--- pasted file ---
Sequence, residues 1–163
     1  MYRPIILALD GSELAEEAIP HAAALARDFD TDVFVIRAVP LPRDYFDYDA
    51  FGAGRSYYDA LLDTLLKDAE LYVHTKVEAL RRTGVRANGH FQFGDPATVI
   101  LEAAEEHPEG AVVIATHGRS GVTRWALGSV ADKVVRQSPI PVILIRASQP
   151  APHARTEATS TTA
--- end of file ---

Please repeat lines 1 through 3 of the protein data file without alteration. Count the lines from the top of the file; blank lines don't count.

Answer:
Sequence, residues 1–163
     1  MYRPIILALD GSELAEEAIP HAAALARDFD TDVFVIRAVP LPRDYFDYDA
    51  FGAGRSYYDA LLDTLLKDAE LYVHTKVEAL RRTGVRANGH FQFGDPATVI